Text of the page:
News and Events
News and Events
November 15, 2022
A novel method for generating naive human iPS cells with significantly higher differentiation potency
To date, only dermal fibroblasts have been successfully reprogrammed into naive iPS cells through generation methods using Sendai virus vectors and feeder cells. In a new study, the joint research group succeeded in generating naive iPS cells not only from human dermal fibroblasts but also from peripheral blood mononuclear cells by changing the combination of reprogramming genes.
The researchers subsequently created a temperature-sensitive Sendai virus vector that can be removed rapidly during the reprogramming process and established a feeder-free method to generate naive iPS cells from dermal fibroblasts using the modified Sendai virus vectors.
Furthermore, the group demonstrated that the naive iPS cells generated via the new method can better differentiate into trilineage and extra-embryonic trophectoderm than those derived by conventional methods because early removal of the Sendai virus vectors suppresses expression of exogenous genes.
Recently, naive human pluripotent stem cells have been widely used for studies on the early human embryos by taking advantage of their high pluripotency. The new protocol created in this study is expected to contribute to the development of such research and beyond.
Since the method can be applied to the establishment of primed human iPS cells, researchers will be able to obtain cell lines free of viral vector genomes without the time-consuming clone selection process. It is also expected that the new method will facilitate the generation of autologous iPS cells from donors and further advance studies on disease modeling, drug discovery, and cell therapy.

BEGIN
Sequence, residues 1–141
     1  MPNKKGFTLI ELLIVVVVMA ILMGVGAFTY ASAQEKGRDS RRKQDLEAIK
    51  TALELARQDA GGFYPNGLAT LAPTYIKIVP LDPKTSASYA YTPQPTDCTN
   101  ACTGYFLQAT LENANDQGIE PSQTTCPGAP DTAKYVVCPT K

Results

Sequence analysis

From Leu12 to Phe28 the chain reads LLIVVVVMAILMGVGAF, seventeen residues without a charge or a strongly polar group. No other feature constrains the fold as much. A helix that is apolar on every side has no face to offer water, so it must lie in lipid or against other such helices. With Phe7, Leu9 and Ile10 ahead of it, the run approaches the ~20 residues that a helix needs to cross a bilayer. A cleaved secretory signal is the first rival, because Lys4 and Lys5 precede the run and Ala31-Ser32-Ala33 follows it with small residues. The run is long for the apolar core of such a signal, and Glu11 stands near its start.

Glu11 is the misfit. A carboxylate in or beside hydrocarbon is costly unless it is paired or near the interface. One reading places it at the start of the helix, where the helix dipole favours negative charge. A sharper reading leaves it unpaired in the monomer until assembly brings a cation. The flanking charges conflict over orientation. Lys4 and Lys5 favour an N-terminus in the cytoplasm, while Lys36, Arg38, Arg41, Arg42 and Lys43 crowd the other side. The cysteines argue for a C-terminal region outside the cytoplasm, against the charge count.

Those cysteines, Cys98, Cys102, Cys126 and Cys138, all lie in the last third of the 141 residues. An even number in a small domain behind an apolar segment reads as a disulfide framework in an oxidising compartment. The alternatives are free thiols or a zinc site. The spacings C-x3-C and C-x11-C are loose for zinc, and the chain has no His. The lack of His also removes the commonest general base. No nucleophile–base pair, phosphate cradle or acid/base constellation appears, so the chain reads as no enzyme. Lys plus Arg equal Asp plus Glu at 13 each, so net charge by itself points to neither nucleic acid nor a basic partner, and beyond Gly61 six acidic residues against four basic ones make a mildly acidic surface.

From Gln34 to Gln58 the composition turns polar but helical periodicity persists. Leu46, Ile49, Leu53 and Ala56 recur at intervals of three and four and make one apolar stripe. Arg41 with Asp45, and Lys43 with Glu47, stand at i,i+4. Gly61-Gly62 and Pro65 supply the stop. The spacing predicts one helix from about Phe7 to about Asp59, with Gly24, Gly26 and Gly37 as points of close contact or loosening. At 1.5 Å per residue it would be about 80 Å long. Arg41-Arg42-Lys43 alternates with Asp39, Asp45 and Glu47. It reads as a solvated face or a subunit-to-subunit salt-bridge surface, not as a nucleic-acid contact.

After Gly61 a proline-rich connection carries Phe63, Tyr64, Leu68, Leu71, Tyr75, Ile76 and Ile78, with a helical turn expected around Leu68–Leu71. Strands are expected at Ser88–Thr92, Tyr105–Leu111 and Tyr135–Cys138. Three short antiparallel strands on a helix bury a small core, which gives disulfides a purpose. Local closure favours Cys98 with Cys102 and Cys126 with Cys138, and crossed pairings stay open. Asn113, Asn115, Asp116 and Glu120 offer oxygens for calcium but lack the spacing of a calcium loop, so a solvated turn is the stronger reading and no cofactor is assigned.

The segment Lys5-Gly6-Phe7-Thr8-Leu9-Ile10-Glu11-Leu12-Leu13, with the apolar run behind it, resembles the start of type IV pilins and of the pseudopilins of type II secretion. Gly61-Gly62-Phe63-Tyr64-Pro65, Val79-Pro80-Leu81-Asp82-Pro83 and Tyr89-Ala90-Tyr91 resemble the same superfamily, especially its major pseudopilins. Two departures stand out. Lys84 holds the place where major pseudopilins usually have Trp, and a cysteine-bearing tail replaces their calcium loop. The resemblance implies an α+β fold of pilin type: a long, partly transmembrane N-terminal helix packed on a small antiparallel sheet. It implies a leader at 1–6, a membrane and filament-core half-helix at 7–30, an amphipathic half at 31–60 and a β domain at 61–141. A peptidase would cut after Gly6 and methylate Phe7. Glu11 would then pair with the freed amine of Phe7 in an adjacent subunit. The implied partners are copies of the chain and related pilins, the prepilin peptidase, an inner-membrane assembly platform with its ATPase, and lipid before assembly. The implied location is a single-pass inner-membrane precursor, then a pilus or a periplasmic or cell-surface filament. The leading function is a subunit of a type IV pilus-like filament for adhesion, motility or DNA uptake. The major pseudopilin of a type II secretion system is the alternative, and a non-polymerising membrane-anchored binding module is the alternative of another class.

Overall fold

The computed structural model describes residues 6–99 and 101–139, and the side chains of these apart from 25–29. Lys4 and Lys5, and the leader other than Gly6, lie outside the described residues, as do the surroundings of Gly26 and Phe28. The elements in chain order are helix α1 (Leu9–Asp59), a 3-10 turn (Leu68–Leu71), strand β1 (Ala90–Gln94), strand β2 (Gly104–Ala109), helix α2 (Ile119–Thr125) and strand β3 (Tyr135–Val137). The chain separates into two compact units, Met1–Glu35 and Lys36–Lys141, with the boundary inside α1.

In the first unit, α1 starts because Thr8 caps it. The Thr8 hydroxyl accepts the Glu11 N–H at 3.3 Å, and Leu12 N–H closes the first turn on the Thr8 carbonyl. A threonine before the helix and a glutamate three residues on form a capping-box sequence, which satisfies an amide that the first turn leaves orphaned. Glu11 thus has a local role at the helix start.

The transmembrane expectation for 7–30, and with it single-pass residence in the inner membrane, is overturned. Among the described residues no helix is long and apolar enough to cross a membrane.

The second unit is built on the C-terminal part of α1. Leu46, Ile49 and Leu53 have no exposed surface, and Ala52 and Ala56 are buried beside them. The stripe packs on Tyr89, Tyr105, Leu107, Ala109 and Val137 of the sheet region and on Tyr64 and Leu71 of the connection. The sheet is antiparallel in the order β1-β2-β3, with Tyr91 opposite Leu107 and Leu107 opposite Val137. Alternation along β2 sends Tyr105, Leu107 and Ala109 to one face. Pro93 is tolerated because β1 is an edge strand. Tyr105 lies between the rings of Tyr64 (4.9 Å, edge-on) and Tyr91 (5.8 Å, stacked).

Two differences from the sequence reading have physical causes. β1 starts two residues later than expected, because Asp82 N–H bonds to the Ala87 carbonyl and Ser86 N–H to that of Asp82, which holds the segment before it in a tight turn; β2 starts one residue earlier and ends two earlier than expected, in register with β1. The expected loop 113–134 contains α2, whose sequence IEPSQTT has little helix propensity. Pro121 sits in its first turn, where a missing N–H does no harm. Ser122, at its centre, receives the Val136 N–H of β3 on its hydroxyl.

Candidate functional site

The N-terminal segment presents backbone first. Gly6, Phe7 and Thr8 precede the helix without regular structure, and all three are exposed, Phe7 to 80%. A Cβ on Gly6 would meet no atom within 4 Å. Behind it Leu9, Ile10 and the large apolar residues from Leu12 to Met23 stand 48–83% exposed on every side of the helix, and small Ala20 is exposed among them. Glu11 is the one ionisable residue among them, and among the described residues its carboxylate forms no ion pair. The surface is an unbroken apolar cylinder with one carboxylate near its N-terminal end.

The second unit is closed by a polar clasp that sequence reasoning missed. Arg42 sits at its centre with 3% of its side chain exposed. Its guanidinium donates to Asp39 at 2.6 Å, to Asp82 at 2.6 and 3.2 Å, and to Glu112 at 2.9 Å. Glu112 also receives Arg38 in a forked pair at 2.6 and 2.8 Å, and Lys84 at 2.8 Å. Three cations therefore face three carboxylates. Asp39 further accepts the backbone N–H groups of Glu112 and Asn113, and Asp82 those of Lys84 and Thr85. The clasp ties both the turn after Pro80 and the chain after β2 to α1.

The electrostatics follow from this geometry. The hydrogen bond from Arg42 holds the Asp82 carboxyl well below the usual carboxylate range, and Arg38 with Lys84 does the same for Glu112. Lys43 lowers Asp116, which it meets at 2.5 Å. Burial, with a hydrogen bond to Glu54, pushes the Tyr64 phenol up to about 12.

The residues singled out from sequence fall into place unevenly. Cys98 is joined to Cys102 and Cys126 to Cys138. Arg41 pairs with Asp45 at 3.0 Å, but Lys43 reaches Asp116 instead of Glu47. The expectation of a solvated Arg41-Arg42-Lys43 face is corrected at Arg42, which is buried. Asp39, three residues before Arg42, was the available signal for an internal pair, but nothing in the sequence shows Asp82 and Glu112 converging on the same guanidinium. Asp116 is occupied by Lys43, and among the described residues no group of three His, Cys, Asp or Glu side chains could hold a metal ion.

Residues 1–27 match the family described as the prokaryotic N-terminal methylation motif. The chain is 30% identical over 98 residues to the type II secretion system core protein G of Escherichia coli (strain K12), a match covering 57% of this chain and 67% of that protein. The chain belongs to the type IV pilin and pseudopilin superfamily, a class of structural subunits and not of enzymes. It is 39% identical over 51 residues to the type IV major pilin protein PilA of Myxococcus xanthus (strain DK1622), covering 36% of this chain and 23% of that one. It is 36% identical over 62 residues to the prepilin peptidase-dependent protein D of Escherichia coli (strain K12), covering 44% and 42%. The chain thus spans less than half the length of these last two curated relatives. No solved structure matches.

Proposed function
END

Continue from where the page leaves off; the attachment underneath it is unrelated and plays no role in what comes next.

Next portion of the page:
The results of this study were published online in Cell Reports Methods on October 17, 2022.
- Journal: Cell Reports Methods
- Title: Improved Sendai viral system for reprogramming to naive pluripotency
Akira Kunitomi1,2*, Ryoko Hirohata1,3, Vanessa Arreola2, Mitsujiro Osawa1,7, Tomoaki M. Kato1,3, Masaki Nomura1,3, Jitsutaro Kawaguchi4, Hiroto Hara4,
Kohji Kusano4, Yasuhiro Takashima1, Kazutoshi Takahashi1, Keiichi Fukuda5, Naoko Takasu1,3 and Shinya Yamanaka1,2,3,6
*: Corresponding author
- Author Affiliations:
- Center for iPS Cell Research and Application (CiRA), Kyoto University, Kyoto 606-8507, Japan
- Gladstone Institute of Cardiovascular Disease, San Francisco, CA 94158, USA
- CiRA Foundation, Kyoto 606-8397, Japan
- ID Pharma Co., Ltd., Ibaraki 300-2611, Japan
- Department of Cardiology, Keio University School of Medicine, Tokyo 160-8582, Japan
- Department of Anatomy, University of California San Francisco, San Francisco, CA 94143, USA
- Present address: Thyas Co., Ltd., Kyoto 606-8501, Japan